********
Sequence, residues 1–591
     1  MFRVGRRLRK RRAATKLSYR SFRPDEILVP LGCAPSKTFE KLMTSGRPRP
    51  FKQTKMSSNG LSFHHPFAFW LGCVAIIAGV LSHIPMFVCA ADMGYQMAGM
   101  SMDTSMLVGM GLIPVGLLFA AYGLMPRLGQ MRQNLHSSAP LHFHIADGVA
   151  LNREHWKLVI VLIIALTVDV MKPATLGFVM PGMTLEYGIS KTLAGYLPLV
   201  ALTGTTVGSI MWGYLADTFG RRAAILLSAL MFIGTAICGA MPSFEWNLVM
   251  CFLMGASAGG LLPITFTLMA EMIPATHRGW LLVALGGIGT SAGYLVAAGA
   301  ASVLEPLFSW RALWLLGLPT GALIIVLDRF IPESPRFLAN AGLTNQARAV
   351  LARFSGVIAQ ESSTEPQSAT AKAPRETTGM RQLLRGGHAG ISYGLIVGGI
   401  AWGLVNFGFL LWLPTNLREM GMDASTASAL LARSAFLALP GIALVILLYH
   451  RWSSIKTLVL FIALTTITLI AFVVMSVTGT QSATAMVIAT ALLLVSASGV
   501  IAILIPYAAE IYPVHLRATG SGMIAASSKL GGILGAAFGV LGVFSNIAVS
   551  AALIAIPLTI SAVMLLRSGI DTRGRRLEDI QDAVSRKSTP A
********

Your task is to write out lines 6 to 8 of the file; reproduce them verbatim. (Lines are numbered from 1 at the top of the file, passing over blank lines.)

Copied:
   201  ALTGTTVGSI MWGYLADTFG RRAAILLSAL MFIGTAICGA MPSFEWNLVM
   251  CFLMGASAGG LLPITFTLMA EMIPATHRGW LLVALGGIGT SAGYLVAAGA
   301  ASVLEPLFSW RALWLLGLPT GALIIVLDRF IPESPRFLAN AGLTNQARAV